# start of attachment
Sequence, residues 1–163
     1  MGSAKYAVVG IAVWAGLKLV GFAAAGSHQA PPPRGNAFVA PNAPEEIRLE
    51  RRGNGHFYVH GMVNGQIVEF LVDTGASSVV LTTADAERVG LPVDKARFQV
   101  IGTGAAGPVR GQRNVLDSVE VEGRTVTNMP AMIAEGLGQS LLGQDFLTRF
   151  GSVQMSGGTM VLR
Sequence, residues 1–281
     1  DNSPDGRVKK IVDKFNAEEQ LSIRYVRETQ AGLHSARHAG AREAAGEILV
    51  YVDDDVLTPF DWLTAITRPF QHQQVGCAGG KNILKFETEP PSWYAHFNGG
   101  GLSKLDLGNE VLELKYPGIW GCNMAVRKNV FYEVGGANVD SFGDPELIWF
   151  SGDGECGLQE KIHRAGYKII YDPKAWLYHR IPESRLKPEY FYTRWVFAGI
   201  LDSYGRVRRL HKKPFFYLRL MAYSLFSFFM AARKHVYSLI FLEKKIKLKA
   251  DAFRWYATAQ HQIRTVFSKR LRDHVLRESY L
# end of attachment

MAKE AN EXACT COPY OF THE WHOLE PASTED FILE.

Sequence, residues 1–163
     1  MGSAKYAVVG IAVWAGLKLV GFAAAGSHQA PPPRGNAFVA PNAPEEIRLE
    51  RRGNGHFYVH GMVNGQIVEF LVDTGASSVV LTTADAERVG LPVDKARFQV
   101  IGTGAAGPVR GQRNVLDSVE VEGRTVTNMP AMIAEGLGQS LLGQDFLTRF
   151  GSVQMSGGTM VLR
Sequence, residues 1–281
     1  DNSPDGRVKK IVDKFNAEEQ LSIRYVRETQ AGLHSARHAG AREAAGEILV
    51  YVDDDVLTPF DWLTAITRPF QHQQVGCAGG KNILKFETEP PSWYAHFNGG
   101  GLSKLDLGNE VLELKYPGIW GCNMAVRKNV FYEVGGANVD SFGDPELIWF
   151  SGDGECGLQE KIHRAGYKII YDPKAWLYHR IPESRLKPEY FYTRWVFAGI
   201  LDSYGRVRRL HKKPFFYLRL MAYSLFSFFM AARKHVYSLI FLEKKIKLKA
   251  DAFRWYATAQ HQIRTVFSKR LRDHVLRESY L